The expansion of the Panama Canal will also open new trade flows from the U.S. to Asia beginning in 2014. The increasing amounts of panamax vessels now under construction are also an indicator about long-term demand.

Swaps: Financial Instruments Designed to Bring Clarity

One of the few options buyers have to mitigate price volatility is through hedges. “In this market, for merchant generators, it makes more sense for them to peg the price of coal then attempt to jump in at some point,” said Hiemstra. To facilitate domestic and international sales, coal traders and brokers deal in both physical and fiscal instruments to help bring some transparency to the marketplace and reduce risk for buyers and sellers. In 2001, the NYMEX coal contract was developed. Since then, other indexes have also been created to help determine prices for different coals going into different markets.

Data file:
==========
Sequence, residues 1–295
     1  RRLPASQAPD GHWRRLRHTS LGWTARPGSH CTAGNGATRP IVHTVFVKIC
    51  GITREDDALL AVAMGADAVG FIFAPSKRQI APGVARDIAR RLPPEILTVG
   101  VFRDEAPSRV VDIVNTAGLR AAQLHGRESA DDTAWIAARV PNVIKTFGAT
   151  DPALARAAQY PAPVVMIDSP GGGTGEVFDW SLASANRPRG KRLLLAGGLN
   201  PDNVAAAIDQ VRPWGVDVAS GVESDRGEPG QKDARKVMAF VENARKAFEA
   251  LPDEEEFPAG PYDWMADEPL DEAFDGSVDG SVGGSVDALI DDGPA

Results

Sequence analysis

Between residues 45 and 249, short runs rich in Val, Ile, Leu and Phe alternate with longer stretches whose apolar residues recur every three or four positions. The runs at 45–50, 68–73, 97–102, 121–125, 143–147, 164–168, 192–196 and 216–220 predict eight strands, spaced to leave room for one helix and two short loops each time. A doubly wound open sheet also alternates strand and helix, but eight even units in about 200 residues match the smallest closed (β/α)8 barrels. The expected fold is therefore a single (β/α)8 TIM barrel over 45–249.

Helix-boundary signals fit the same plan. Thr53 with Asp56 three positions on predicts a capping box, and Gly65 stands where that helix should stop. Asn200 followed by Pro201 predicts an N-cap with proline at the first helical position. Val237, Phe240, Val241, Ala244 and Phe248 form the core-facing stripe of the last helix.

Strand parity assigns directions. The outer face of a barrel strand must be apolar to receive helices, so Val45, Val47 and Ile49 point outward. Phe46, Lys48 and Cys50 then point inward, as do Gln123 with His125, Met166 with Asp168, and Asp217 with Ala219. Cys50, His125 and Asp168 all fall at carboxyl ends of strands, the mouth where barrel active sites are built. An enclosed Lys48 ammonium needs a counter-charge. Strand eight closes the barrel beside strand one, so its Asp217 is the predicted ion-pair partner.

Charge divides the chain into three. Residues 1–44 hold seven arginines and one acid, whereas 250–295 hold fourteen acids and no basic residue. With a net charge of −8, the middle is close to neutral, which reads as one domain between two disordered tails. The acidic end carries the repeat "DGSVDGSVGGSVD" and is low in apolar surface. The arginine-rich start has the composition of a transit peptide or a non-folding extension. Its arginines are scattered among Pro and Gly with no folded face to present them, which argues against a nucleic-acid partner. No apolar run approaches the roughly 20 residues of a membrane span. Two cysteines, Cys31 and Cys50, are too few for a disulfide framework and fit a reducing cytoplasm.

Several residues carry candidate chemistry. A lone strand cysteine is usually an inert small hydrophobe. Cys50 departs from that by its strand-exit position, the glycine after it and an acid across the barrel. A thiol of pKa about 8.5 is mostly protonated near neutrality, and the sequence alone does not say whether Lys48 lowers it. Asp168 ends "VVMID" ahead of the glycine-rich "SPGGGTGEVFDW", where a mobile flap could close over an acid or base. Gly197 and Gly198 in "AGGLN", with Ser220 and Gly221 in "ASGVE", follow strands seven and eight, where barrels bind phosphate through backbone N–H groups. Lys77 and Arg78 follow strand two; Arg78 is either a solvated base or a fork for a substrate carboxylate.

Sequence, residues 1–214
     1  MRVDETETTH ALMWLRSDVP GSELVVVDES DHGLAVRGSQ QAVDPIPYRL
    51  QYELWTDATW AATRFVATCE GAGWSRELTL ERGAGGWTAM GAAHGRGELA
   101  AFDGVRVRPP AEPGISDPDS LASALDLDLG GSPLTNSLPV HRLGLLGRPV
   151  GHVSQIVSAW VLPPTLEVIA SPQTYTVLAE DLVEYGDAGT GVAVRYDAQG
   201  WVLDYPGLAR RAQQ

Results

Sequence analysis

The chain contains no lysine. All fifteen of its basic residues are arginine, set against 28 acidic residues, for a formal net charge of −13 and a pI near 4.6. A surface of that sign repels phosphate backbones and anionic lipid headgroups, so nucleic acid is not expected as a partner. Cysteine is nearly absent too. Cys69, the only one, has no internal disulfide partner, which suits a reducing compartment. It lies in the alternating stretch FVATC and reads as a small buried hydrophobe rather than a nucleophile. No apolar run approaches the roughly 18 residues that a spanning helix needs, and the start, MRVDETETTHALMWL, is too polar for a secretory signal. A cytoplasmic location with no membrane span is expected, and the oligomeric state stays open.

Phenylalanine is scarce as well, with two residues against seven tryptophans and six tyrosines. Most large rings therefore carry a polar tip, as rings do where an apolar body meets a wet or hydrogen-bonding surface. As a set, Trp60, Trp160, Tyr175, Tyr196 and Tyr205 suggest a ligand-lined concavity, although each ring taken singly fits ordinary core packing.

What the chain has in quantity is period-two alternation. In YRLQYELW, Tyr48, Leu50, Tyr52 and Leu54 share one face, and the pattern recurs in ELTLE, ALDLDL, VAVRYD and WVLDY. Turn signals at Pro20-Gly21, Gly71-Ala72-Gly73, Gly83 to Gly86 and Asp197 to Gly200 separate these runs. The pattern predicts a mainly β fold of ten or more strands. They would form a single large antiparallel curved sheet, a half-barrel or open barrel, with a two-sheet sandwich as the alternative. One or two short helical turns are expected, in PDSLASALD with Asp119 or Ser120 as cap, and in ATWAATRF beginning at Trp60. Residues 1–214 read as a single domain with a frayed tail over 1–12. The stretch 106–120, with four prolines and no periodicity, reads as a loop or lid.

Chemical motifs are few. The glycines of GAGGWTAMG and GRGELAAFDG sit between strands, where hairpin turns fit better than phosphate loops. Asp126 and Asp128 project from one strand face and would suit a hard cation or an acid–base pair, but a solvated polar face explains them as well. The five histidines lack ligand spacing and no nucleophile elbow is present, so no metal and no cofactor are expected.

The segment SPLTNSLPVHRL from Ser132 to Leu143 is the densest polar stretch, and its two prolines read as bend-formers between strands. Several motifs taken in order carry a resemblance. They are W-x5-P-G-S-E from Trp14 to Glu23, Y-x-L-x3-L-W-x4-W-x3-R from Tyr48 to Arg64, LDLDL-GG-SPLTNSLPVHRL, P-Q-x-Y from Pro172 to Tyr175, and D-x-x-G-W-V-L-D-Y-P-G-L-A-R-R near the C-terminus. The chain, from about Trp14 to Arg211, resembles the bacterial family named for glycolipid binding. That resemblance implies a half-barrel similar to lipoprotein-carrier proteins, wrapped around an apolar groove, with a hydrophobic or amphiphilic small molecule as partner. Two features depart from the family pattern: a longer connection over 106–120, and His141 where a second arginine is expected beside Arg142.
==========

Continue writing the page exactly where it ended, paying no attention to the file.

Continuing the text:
Hiemstra estimates the size of the Over the Counter (OTC) market is roughly between 350 million mt to 400 million mt. This has changed tremendously in recent years. “Ten years ago, almost all trades were physical. Now it’s gone the other direction,” said Hiemstra.

While the steam coal market is growing, the international metallurgical coal market remains tight and pricing is much higher. “They really are two completely different markets. The met market is very small and is almost always physically traded. The steam market is more generic, more commodified and more standardized,” said Schicke.